UAE issues compulsory military service law for Emirati men
DUBAI (Reuters) - The president of the United Arab Emirates on Saturday issued a law implementing compulsory military service for Emirati men, a move highlighting the Gulf state's concern over turmoil in the region.
The UAE, a federation of seven emirates with a mostly expatriate population, faces no immediate threats from neighbors and has been spared militant attacks that have targeted other countries like Saudi Arabia.
Like other Gulf Arab states, the U.S. ally has strong military ties with Western powers that say they are committed to helping the OPEC member country deter or repel any threat.
But the UAE, a big buyer of Western military hardware, has a territorial dispute with its much bigger neighbor, Iran, over three Gulf islands controlled by the Islamic republic.
It is also wary of a neighborhood fraught with conflicts, including in Syria, Iraq and Israel and the Palestinian territories.
The state WAM news agency said President Sheikh Khalifa bin Zayed al-Nahyan had issued the federal law, which was published in the official gazette. The UAE had first said in January that it would introduce the law.
"The issuing of the law comes with the goals of affirming the instilling of the values of loyalty, affiliation and sacrifice in the souls of the sons of homeland," WAM said.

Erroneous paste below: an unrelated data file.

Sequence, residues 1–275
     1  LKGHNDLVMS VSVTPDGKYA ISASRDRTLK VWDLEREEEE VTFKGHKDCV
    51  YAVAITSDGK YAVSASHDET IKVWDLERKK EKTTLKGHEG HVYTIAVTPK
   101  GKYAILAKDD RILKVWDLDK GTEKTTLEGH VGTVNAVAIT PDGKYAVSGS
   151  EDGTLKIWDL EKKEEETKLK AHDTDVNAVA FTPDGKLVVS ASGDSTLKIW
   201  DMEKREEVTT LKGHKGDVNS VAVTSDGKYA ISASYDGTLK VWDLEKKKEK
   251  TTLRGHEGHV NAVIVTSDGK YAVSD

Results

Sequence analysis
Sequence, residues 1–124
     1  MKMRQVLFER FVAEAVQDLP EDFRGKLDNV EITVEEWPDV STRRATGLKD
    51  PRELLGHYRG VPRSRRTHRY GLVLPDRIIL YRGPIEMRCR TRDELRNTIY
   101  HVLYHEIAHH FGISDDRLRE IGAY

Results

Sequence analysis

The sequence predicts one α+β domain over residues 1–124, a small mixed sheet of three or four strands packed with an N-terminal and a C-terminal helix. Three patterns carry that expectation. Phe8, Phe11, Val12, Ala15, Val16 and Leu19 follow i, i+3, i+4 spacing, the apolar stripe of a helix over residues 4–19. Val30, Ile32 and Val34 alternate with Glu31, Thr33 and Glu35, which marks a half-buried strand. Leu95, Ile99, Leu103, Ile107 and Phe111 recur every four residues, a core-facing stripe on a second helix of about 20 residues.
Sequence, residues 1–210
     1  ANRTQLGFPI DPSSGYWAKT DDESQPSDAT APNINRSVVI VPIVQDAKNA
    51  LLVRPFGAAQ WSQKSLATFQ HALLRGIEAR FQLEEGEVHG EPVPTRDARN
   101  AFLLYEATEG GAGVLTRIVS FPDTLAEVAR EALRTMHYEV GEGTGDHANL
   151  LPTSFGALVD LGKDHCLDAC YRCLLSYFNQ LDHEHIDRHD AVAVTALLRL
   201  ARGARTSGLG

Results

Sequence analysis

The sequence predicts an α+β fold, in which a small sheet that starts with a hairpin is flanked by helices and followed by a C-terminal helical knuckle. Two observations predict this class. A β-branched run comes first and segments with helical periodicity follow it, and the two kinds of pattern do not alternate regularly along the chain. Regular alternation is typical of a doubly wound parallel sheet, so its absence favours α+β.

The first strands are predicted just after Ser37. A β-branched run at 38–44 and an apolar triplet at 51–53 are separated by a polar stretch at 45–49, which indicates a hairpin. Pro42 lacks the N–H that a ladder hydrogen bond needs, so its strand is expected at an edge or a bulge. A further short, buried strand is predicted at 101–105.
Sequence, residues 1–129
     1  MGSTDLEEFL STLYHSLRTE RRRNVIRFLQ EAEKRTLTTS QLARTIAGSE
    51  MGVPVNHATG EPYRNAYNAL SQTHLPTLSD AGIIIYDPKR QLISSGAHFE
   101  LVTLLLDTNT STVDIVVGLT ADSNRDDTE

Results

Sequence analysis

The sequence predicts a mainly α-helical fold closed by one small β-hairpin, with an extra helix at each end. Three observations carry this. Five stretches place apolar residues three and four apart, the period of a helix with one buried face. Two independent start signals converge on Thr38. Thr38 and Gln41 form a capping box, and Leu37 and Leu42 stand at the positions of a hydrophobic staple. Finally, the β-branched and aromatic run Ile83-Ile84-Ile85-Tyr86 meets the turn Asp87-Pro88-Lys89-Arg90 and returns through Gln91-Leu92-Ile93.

The law applies to all males between the ages of 18 and 30 and in good medical health. Men who have a high school degree or its equivalent will serve nine months, while those who do not have a high school diploma will serve for two years, WAM said.
Participation for women, who can only serve for nine months, is optional and will require the approval of their legal guardians.
Military service will include training periods, military exercises and lectures on patriotism and security, WAM said, citing the law.
The London-based International Institute for Strategic Studies estimates the size of the UAE armed forces at 51,000, with an army of 44,000, navy of 2,500 and air force of 4,500.
(Writing by Yara Bayoumy; Editing by Tom Heneghan)
- Protesters stay out on Hong Kong streets, defying Beijing |
- Hong Kong protesters stockpile supplies, fear fresh police advance |
- Stocks head for worst quarter since euro crisis, dollar soars
- China OKs iPhone 6 sale after Apple addresses security concerns
- U.S.-led air strikes pose problem for Assad's moderate foes